Last year, Node made a full merge with IO.js — bringing about an extended list of features and potential.
Meteor has grown from a simple inspirational idea into a fully functional and funded project that is home to thousands of enthusiastic developers. Meteor has in many ways revolutionized the developed of real-time mobile and web applications that can be built from within a singular development interface. Any web application built with Meteor is also automatically compatible with mobile devices — to the point where you can convert your existing web apps into mobile apps and published them on the most popular mobile app stores!
The creator of D3 — Mike Bostock — did an interesting Ask Me Anything (AMA) on Reddit last year, and it’s packed with insightful questions and answers that will help you better understand the intention, the vision and the drive behind this project. Be prepared to spend some time digesting all the answers.
Ember is a modern web development framework for the ambitiously-oriented developers. Known for its ability to help developers build complex large-client-side applications — Ember stands out with its simplicity and flow of functionality to make web app development a smooth experience. Getting started with Ember is quick and painless, and many developers have gone out of their way to create tutorials and guides on how to get started with this adaptable framework.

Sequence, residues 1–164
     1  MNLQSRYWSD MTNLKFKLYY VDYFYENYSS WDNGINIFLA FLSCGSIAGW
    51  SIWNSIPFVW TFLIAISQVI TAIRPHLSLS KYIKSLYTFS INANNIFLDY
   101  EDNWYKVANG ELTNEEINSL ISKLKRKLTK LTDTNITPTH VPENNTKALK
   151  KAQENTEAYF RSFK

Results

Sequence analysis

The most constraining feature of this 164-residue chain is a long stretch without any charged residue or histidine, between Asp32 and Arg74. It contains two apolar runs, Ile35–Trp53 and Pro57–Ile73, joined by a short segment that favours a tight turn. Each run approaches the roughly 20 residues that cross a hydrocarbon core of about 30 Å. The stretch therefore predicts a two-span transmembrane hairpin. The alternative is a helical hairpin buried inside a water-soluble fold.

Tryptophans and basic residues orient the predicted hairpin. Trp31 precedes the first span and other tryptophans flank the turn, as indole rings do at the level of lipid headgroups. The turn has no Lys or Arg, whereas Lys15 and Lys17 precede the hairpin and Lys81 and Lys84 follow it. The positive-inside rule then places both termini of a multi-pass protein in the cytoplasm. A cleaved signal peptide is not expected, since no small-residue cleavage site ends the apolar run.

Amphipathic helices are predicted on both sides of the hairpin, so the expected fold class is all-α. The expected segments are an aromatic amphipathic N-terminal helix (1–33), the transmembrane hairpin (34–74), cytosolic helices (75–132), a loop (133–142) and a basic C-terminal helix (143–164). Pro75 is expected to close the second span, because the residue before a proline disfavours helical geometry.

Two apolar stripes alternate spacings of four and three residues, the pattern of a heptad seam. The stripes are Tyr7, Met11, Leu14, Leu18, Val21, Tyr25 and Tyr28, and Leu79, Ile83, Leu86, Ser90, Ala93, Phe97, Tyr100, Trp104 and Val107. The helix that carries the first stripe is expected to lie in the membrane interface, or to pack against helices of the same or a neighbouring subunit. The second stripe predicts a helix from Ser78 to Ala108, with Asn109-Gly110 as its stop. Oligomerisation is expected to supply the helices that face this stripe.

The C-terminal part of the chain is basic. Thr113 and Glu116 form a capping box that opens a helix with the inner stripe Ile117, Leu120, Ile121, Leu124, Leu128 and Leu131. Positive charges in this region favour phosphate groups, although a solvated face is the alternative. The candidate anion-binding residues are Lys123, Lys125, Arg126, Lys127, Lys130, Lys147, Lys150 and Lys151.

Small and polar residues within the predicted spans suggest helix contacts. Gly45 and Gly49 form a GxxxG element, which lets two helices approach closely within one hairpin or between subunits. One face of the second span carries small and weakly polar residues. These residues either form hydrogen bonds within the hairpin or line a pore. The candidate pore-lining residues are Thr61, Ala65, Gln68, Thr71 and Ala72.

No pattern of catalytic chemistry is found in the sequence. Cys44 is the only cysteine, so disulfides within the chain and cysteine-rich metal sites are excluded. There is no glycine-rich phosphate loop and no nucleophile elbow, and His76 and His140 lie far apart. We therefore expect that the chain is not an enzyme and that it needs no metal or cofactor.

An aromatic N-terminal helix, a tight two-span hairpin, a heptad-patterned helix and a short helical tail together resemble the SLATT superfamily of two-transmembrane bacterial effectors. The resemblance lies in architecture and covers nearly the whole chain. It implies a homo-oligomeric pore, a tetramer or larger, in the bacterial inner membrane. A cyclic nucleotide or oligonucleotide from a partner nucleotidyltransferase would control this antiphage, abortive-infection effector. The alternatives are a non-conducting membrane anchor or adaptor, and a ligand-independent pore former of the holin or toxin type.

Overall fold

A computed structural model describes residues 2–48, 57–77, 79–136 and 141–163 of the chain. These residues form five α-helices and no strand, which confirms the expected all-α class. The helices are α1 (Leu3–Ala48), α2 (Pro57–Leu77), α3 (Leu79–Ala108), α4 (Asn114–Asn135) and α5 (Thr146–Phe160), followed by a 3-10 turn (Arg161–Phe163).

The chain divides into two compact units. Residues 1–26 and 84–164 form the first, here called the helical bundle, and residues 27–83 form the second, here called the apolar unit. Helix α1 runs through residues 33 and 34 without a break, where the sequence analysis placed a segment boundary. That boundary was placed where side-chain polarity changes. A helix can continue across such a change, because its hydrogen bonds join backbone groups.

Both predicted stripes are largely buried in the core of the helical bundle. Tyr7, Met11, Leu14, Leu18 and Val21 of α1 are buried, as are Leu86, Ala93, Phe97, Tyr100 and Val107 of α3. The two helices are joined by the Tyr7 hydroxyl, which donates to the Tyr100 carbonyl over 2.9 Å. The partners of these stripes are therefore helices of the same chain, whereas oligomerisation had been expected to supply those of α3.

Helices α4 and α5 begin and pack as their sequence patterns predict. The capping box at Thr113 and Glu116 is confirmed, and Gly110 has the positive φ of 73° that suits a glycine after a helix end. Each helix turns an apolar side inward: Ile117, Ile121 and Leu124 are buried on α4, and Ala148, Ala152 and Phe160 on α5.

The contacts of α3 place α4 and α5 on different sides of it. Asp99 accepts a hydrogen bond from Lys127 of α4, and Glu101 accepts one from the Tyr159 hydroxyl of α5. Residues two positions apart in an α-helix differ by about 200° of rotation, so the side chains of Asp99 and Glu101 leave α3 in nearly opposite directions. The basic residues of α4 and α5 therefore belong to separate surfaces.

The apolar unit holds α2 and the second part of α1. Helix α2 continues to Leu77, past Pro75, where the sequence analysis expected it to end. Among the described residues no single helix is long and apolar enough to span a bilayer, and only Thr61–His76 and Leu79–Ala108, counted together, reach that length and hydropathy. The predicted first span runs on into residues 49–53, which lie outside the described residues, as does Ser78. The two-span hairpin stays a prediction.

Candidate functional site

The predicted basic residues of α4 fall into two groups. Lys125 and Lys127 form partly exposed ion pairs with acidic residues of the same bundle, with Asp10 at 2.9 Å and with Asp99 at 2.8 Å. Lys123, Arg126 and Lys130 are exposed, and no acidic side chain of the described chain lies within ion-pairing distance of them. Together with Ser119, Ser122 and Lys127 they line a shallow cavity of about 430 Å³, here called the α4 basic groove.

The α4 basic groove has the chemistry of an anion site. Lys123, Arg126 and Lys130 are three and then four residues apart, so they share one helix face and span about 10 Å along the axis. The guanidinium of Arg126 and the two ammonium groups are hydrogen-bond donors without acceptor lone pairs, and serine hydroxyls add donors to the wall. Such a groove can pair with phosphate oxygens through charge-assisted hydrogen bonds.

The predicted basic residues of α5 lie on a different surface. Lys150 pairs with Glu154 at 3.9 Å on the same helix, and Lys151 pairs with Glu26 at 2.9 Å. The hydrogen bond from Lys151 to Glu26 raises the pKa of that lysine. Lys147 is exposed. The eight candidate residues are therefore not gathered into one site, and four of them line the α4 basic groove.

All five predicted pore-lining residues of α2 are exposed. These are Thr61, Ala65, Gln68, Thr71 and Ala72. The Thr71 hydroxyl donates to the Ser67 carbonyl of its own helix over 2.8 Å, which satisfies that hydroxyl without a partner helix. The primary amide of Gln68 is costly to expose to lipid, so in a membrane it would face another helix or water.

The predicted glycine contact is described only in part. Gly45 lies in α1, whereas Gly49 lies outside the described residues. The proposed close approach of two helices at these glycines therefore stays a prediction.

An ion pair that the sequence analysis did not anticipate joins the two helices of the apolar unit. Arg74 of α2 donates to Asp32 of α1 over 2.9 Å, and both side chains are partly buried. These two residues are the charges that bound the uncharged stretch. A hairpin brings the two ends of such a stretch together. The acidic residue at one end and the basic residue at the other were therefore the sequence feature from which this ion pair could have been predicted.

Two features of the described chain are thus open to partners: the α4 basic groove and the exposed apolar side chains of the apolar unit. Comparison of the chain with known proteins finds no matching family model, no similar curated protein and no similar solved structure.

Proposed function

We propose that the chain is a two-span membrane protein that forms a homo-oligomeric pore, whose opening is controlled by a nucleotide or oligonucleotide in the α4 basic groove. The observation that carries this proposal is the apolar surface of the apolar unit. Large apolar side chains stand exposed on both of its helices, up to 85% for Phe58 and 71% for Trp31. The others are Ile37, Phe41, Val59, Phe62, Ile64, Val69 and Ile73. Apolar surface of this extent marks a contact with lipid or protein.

Ember has managed to stay away from gleaming terms and modules that make modern frameworks stand out from the crowd, instead Ember maintains traditional functionality while bringing forth power and centerdness that’s necessary for building great applications, such as the Discourse discussion forum.
Aurelia is a self-proclaimed next generation web development framework that primarily focuses on making programming (web development) a creative process. Perhaps what makes Aurelia next-generation is the fact that it has been built purely with ES6 (the latest JS standard) and also incorporates some of the available ES7 (the next JS standard) features already, whilst retaining the ability to function on all modern browsers. The framework is built upon a module-like framework, meaning that it consists of several small and big libraries that can be used either together, or separately depending on the requirements of the kind of application that you are building.